The conference took an eclectic look at the close relationship between health and education, examining the wider topic before exploring educational organization, new developments in treatment and Problem Based Learning.
Speaking alongside Dr. Ross-Lee on these subjects were her colleagues from NYIT, each an expert in their respective field and representing various faculties of the Institute. After the four presentations, the floor was opened up to questions, allowing participants to benefit from the expertise and experience of each speaker.
Dr. Ross-Lee discussed “The Common Language of Health through Education”, drawing on more than 25 years’ experience garnered at the medical departments of some of the most respected educational institutes in the United States.
Dr. Ross-Lee spoke of the aims of New York College of Osteopathic Medicine (NYCOM), the second largest medical school in the United States and a school of NYIT: “Medicine is not just what we do; it is a part of who we are – like our ethnicity and gender. Our educational goals are to take some of the brightest students that the educational systems of the world produces and transform them into individuals who ‘value’ the human condition and who have the knowledge and clinical skills necessary to engage the health circumstances of individuals, families, communities, and populations. For us, this defines what a competent, high quality physician and health professional MUST be. It makes healthcare a defining part of who each student will become.”
The presentation on “Educational organization of United States medical schools” was given by Dr. Thomas A. Scandalis, Dean, New York College of Osteopathic Medicine (NYCOM) of NYIT.
Dr. Scandalis is uniquely qualified to talk on this subject: he has 23 years of personal experience at the school – four as a student and 19 as a faculty member. His varied background – he has served as clinical specialist and combat medic, chair of NYCOM’s Department of Family Medicine, and as team physician for the U.S. National Boxing Team – brought anecdotal insight and candor to the presentation.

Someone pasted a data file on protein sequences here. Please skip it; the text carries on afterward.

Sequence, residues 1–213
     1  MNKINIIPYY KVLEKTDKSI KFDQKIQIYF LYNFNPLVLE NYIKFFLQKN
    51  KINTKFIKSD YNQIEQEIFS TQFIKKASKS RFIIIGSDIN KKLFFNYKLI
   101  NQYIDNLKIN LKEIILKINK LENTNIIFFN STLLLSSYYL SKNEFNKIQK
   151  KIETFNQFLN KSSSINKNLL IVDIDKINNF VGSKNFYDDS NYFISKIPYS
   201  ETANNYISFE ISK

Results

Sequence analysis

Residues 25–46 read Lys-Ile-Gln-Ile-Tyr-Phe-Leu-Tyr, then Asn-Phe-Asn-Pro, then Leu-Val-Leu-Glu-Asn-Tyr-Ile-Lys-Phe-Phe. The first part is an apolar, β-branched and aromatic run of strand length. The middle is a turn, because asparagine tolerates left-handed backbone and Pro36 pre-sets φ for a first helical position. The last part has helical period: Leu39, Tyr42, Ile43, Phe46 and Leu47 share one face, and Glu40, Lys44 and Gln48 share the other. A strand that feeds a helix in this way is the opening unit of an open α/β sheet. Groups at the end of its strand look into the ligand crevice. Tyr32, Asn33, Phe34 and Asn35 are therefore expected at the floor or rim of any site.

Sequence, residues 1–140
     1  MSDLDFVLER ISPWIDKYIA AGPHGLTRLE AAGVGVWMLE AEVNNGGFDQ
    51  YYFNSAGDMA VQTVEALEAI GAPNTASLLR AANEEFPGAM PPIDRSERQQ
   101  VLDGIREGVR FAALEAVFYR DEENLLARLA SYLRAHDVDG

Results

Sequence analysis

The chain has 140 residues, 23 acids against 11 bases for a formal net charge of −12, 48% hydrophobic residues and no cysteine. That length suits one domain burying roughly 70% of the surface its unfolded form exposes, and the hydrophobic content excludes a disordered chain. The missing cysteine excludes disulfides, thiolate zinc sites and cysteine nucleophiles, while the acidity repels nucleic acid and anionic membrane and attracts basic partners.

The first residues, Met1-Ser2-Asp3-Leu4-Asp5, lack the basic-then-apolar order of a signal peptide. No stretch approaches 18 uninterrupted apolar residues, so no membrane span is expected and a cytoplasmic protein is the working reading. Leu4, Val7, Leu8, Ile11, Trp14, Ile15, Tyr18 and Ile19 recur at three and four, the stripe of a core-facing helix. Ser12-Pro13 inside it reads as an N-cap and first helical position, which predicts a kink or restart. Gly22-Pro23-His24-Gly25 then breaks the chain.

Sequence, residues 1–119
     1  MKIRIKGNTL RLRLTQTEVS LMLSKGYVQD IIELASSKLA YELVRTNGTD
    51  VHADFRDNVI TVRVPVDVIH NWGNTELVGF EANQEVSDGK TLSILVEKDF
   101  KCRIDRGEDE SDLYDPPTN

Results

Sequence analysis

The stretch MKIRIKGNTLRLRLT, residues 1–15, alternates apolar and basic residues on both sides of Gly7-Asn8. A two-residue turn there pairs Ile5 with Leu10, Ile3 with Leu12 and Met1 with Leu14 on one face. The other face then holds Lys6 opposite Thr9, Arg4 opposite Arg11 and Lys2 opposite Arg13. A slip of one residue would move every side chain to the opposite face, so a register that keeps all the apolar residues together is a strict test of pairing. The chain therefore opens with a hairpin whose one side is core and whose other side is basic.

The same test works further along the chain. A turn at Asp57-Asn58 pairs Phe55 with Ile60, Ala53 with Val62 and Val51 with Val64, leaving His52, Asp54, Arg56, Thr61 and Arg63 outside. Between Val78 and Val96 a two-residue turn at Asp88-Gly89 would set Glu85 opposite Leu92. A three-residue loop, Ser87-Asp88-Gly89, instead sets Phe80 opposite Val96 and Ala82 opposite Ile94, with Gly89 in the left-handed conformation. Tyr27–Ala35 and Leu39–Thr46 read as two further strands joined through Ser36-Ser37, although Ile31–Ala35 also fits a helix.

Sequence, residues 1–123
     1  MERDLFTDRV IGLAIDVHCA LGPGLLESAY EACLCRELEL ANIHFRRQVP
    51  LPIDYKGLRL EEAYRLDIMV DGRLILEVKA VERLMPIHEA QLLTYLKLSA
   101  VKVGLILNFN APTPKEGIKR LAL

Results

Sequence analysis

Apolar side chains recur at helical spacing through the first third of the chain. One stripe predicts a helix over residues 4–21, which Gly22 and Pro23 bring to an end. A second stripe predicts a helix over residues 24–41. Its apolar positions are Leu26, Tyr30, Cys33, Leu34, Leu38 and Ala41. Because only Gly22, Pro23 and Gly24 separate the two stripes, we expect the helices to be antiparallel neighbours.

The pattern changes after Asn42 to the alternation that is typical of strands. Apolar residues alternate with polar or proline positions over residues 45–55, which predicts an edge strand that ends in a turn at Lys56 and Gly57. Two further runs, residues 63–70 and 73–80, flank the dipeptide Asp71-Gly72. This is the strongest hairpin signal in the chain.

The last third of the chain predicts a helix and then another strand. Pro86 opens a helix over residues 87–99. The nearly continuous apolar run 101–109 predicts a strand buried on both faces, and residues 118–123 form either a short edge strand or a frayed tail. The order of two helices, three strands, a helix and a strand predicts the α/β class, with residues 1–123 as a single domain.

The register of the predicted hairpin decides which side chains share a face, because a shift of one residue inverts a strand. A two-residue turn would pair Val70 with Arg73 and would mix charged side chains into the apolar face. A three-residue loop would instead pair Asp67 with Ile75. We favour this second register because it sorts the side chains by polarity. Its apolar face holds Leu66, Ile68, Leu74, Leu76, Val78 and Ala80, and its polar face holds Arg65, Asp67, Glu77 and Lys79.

A key point of this presentation was that is important for students not only to be competent, but to be able to demonstrate their competency; one way in which NYCOM facilitates this is through simulations using ‘standardized patients’. Commenting, Dr. Scandalis added: “The transition at NYIT’s New York College of Osteopathic Medicine (NYCOM) from a lecture-based to a learning-based process is essentially the move from passive to active learning. NYCOM is focusing on maturation; the foundations are there for increasing distinction, in 3 areas: quality of education; research; and clinical services.”
Dr. Chukuka Enwemeka, NYIT’s Dean, School of Health Professions, Behavioral, and Life Sciences, covered research in his talk on “Advances in laser photoengineering of tissue repair processes”. Dr. Enwemeka is the author of more than 55 research papers, monographs and book chapters; his participation in today’s event represented a rare opportunity to tap the vast experience of one of the world’s foremost authorities in the area of photoengineering.
Dr. Enwemeka’s presentation gave details of how non-UV light can be used to kill MRSA bacteria that are resistant to antibacterial drugs, and how a combination of UV and non-UV light can be used to not only fight these bacteria but promote healing. One particular application that is relevant to the UAE, with a high number of diabetics, is to treat both the cause of infected mouth ulcers but also promote their healing. Other industrial applications of this technology could include treatment of polluted water, improving the growth of plants, and treatment of wounds in oxygen-sparse environments (such as submarines or space stations). ***
The application and benefits of Problem Based Learning (PBL) were fully explored by Dr. Edward A. Gotfried, Associate Professor of Surgery and Director of Global Health, NYIT, in his presentation “An approach to clinical reasoning using Problem Based Learning”. Dr. Gotfried has a proven track record in this field, having played a major part in developing the very successful problem-based learning curriculum of Ohio University College of Osteopathic Medicine.
Commenting afterwards, Dr. Gotfried said, “Problem Based Learning (PBL) students get the opportunity to FLY through the educational process, regardless of their area of study. PBL can be applied to any discipline, and its students become fully independent; they reason through problems, recall and apply information, recognize when their skills or knowledge are not adequate, and acquire new skills and knowledge as they need it.”
Wednesday, April 30- 2008 @ 16:12 UAE local time (GMT+4) Replication or redistribution in whole or in part is expressly prohibited without the prior written consent of Mediaquest FZ LLC.